It is always gratifying when the New York Times catches up to what some of us have been saying for years now. I was pleased to see their recent three-part series Insiders Sound an Alarm Amid a Natural Gas Rush (June 25), Behind Veneer, Doubt on Future of Natural Gas (June 26) and S.E.C. Shift Leads to Worries of Overestimation of Reserves (June 27). The shale gas scam has gone public.
I intend to milk this story for all it's worth, and there's far more material than I could cover in a single post. So this is the first of two (or three) articles on the subject.
I will talk about the Times' articles next week, and the responses to them. I shall also describe in some detail how the scam works. This first post allows us all to get on the same page about the current state and future of shale gas production in the United States. Here's stuff I've posted about shale gas on DOTE.
- Betting The House On Shale Gas (why we need the natural gas)
- Shale Gas Shenanigans (the scam)
- The Shale Gas Shell Game (more about the scam)
- A Miracle In The Marcellus Shale? (more about the scam)
- Natural Gas Boom Gets Put On Hold (U.S. natural gas production has been exaggerated)
- Our Energy Problems Are Over! (ridiculing the hype about shale gas)
The Times had access to all sorts of internal e-mails and documents which were not available to me when I wrote those articles.
Natural gas companies have been placing enormous bets on the wells they are drilling, saying they will deliver big profits and provide a vast new source of energy for the United States.
But the gas may not be as easy and cheap to extract from shale formations deep underground as the companies are saying, according to hundreds of industry e-mails and internal documents and an analysis of data from thousands of wells.
In the e-mails, energy executives, industry lawyers, state geologists and market analysts voice skepticism about lofty forecasts and question whether companies are intentionally, and even illegally, overstating the productivity of their wells and the size of their reserves.
Many of these e-mails also suggest a view that is in stark contrast to more bullish public comments made by the industry, in much the same way that insiders have raised doubts about previous financial bubbles.
“Money is pouring in” from investors even though shale gas is “inherently unprofitable,” an analyst from PNC Wealth Management, an investment company, wrote to a contractor in a February e-mail. “Reminds you of dot-coms.”
Here's a few choice quotes from those anonymous inside sources.
- "The word in the world of independents is that the shale gas plays are just giant ponzi schemes and the economics do not work"
— This August 2009 e-mail is in response to an article in an industry publication questioning shale gas economics. The official is from IHS Drilling Data, a research company that specializes in energy issues.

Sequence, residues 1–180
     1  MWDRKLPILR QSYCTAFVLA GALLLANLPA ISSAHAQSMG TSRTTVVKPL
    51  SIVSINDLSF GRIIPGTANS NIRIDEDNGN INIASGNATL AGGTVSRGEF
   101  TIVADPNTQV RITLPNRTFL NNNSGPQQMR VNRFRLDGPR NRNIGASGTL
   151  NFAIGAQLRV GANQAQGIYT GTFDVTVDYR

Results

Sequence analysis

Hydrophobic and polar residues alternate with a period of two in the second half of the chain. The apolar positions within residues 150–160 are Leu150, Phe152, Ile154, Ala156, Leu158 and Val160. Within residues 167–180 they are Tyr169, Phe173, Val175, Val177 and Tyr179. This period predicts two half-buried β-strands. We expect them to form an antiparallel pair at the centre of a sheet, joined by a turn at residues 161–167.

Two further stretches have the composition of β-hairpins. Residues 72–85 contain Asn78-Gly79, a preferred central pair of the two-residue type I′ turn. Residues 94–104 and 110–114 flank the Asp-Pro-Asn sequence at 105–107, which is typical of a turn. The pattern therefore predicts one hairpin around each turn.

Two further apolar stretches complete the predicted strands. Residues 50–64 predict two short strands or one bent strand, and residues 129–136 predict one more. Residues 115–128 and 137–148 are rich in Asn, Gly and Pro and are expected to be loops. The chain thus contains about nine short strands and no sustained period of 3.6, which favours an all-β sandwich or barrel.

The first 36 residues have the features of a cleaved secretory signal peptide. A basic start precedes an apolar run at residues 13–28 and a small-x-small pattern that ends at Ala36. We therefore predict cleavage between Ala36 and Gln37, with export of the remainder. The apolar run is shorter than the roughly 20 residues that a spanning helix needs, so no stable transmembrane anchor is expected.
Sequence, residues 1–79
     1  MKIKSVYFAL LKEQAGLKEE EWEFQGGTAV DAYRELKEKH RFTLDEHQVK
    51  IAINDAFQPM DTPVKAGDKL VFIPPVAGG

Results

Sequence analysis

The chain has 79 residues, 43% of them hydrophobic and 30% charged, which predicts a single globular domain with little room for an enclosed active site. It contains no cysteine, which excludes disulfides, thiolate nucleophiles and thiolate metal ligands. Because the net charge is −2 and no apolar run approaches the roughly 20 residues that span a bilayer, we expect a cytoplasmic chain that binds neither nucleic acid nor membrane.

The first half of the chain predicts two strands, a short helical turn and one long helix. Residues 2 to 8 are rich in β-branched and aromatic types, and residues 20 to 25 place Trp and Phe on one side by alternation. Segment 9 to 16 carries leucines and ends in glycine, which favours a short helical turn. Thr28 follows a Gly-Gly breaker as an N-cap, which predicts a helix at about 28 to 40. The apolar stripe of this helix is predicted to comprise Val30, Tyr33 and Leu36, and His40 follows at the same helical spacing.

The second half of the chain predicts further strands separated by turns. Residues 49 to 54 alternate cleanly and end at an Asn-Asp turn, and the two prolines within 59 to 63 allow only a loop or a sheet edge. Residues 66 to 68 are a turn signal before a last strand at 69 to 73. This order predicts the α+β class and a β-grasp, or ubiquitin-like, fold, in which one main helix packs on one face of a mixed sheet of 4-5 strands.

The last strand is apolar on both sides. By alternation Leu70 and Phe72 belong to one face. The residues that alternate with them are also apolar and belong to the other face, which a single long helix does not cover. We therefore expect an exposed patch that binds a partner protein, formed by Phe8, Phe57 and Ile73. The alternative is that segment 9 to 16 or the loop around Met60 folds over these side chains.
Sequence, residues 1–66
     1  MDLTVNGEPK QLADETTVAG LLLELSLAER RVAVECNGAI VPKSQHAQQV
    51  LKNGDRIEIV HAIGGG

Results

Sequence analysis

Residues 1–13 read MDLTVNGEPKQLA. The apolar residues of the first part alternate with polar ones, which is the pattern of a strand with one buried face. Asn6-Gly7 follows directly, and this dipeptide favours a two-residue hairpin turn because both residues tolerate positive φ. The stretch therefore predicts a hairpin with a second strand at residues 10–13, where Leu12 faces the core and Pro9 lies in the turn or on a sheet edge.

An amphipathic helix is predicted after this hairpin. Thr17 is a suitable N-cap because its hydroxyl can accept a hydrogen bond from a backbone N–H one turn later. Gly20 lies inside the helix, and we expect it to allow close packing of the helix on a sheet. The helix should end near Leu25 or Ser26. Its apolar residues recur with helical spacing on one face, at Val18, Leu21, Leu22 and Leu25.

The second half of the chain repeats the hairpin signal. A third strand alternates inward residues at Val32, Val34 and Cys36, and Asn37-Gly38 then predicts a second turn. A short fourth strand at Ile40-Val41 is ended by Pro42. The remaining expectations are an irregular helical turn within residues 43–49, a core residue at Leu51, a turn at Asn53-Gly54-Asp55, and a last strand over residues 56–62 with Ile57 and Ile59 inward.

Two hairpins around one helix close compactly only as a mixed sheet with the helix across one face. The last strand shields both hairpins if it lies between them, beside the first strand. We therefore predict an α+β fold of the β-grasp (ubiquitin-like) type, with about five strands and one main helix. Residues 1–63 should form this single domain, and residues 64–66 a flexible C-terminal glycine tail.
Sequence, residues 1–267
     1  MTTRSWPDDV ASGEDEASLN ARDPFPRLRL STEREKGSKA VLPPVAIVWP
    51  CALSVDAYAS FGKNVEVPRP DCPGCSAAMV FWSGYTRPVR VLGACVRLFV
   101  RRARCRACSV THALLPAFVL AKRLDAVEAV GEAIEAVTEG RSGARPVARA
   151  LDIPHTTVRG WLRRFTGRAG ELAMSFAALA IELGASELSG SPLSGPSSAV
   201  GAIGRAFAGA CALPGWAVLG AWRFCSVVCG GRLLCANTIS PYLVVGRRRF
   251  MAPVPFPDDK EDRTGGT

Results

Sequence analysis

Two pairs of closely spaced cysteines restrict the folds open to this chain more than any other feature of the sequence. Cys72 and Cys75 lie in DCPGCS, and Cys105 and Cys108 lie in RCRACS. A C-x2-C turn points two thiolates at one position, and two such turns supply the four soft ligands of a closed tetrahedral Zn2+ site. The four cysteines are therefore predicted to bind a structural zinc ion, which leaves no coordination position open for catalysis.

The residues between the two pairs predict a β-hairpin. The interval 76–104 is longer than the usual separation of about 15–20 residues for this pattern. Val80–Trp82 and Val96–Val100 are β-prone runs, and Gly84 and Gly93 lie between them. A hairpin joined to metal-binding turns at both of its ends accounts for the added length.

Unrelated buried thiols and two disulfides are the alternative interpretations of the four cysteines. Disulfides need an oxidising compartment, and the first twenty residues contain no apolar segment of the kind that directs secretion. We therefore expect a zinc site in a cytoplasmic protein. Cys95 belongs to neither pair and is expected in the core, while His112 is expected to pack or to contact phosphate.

- "I believe you are factual in your analysis of the shale plays. It looks to me that the hype about those plays is creating a false sense of security for the American public"
— From an e-mail exchange between a geologist in Texas and a petroleum geologist who spent about a decade and a half at Phillips Petroleum Company. They discuss whether the hype about shale gas is giving a false sense of security with regard to energy policy.
- "Many energy analysts have concluded that the average cost of gas that is needed for shale gas companies to break even financially and start making a profit is roughly $7.50 per million cubic feet. Under the new S.E.C. rules companies can only include gas in their reserves estimates that they report if the companies can realistically and affordably get that gas out of the ground within 5 years," said Deborah Rogers, a member of the advisory committee of the Federal Reserve Bank of Dallas who has been skeptical about shale gas economics. These two facts raise a troublesome question: How are companies including gas on their books when the price of gas remains so low? In other words, how are companies booking these reserves when most energy forecasters and the futures market does not predict the price of gas rising above $6 per million cubic feet before 2016? It would seem that booking such gas would defy the S.E.C. about only booking gas that can affordably be pulled from the ground within 5 years. I know the S.E.C. has asked some companies to explain in detail how this rule applied to their reserves calculations — but I still have to wonder, is the S.E.C. fully policing this 5-year rule?"
— This is an April 2009 e-mail from a geologist at North Star Geological Services LLC. He says that when he works for shale companies in the Haynesville shale play and asks them questions about true costs, well performance and longevity, he gets no answers.
There's plenty more where these examples came from. And finally there's this graph from the first Times article.
I hope you'll read some of my previous posts on shale gas if you haven't already done so. I'll have more for you next week.